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Scorpions protected by CITES.

Three species has been placed on the CITES (Convention on Conventional Trade in Endangered Species of Wild Fauna and Flora), appendix II to monitor their populations:

Pandinus imperator (The emperor scorpion)
Pandinus dictator
Pandinus gambiensis

Presently, they can still be imported with the proper permits (check the rules with your local CITES office), but that could change if export numbers drastically decline in number, indicating a possible adverse effect from over-collecting. Trading captive bred individuals within your country is legal without any permits, but if you want to export captive bred individuals to other countries you need official proof that they are captive bred.

Pandinus imperator is the most common scorpion in captive care, and is readily available in the pet trade. I doubt that all these individuals are legally obtained. Some export is permitted though. CITES Export Quotas for 2001 were 42 781 (ranched specimens from Benin), 13.500 (ranched specimens from Togo) and 1000 (wild caught specimens from Togo). Quotas from other years can be found in the CITES database (see link to CITES below). No quota data are available for P. dicator and P. gambiensis.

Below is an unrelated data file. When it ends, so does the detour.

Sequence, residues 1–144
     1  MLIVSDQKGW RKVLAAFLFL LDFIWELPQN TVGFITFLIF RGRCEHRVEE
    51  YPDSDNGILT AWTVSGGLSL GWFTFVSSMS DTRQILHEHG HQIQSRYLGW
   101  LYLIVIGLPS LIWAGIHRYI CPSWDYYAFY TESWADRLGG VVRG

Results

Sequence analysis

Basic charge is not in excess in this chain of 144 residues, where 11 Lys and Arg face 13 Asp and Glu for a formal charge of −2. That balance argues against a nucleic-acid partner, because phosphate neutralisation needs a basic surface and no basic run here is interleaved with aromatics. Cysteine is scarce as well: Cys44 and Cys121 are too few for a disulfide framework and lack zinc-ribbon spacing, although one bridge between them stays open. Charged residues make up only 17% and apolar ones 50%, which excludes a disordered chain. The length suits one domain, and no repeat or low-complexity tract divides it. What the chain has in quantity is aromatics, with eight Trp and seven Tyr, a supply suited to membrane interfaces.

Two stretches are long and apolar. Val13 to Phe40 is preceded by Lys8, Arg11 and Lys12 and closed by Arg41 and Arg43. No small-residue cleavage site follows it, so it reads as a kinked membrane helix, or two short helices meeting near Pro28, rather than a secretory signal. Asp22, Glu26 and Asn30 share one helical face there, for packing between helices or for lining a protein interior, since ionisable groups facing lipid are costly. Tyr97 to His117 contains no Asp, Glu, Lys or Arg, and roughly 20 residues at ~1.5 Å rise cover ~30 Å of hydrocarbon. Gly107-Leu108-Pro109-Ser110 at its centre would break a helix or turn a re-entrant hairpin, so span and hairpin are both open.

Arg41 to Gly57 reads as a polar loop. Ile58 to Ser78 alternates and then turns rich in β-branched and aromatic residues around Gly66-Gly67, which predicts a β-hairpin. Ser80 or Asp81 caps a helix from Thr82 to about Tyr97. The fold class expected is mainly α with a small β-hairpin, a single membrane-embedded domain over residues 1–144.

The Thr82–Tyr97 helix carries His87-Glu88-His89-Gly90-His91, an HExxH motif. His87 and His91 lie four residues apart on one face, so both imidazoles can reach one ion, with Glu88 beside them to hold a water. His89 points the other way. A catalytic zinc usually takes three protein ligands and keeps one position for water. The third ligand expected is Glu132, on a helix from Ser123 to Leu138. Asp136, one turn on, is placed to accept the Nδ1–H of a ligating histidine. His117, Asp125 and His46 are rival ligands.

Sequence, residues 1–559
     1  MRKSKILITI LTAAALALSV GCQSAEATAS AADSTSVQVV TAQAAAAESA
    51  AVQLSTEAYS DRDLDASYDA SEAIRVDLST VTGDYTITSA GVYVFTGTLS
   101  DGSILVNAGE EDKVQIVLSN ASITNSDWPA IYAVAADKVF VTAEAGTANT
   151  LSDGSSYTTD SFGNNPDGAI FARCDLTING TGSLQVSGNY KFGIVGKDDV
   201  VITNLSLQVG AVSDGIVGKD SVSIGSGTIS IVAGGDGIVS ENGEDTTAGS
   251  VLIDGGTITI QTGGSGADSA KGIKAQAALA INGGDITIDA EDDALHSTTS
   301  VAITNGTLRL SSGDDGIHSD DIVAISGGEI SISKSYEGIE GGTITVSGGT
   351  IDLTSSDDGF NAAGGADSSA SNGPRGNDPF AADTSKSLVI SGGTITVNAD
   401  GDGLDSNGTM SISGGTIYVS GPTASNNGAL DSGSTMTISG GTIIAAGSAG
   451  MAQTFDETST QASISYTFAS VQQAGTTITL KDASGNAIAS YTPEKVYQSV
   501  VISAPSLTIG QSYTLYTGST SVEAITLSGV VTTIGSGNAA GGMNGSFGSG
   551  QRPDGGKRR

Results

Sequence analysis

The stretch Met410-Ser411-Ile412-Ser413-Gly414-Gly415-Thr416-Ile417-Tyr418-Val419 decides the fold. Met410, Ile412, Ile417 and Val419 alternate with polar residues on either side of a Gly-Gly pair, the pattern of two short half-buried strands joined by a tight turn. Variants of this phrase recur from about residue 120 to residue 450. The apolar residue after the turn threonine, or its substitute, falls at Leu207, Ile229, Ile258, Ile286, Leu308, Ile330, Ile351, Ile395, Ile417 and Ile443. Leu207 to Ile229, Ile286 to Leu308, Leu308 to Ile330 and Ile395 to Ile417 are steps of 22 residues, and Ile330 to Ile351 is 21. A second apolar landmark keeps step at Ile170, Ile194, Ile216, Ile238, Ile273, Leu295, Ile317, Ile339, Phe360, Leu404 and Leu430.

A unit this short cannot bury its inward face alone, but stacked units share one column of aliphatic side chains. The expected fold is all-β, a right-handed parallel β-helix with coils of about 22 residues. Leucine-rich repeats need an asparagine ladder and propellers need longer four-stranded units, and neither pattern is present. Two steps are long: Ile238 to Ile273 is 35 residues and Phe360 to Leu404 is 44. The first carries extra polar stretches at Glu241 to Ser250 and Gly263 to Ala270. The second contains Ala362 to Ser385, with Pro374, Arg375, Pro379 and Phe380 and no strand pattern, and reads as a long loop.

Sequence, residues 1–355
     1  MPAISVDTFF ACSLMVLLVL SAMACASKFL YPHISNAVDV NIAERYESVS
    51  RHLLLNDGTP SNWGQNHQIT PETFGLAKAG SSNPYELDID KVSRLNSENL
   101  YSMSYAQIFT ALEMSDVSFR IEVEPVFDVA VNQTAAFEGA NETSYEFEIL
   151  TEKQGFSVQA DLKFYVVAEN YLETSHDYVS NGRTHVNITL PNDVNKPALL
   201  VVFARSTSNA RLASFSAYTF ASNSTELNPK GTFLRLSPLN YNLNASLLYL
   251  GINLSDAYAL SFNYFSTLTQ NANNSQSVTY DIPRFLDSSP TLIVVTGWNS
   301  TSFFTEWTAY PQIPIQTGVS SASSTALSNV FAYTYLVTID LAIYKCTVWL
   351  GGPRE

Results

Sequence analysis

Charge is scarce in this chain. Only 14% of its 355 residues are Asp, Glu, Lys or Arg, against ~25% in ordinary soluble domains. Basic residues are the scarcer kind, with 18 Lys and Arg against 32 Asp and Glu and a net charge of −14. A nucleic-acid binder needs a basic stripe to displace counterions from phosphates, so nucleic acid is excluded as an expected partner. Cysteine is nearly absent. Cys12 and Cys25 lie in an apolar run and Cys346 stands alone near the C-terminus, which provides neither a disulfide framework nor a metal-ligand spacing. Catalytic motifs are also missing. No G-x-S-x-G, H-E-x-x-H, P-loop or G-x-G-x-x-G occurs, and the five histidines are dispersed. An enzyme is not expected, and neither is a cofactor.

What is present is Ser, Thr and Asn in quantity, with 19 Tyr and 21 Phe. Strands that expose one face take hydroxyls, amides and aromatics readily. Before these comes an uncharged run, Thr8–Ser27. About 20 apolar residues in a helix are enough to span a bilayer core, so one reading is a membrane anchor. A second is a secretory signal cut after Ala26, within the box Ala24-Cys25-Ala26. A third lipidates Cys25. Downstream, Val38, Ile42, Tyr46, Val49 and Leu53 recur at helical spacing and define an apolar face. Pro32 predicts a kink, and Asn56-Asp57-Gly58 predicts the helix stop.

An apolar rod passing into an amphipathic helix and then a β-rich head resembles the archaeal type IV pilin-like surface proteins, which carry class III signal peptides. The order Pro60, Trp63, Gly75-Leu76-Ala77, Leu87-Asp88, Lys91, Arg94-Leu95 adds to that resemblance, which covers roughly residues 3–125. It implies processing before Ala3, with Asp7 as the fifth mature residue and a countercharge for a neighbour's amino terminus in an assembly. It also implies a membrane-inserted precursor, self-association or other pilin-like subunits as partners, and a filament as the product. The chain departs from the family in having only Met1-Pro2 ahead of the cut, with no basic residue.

P. diactator and P. gambiensis are rare in the pet trade, but this is an uncertain conclusion because indentifying the different Pandinus is difficult. Pandinus cavimanus is also quite common in the pet trade. Some specimens of Pandinus viatoris are also known to occur. The latter two species are not placed on the CITES, appendix II, and can be traded without any special permits (but some countries might have local rules regarding import/export of scorpions!). The species Pandinus africanus occurs on the lists of some commersial dealers. This name is not valid, and it is possible that this name is used on other species to avoid the CITES problematics. The specimens I've seen sold as Pandinus africanus have been P. cavimanus, though.

More info on the CITES hompage.

Jan Ove Rein (C) 2023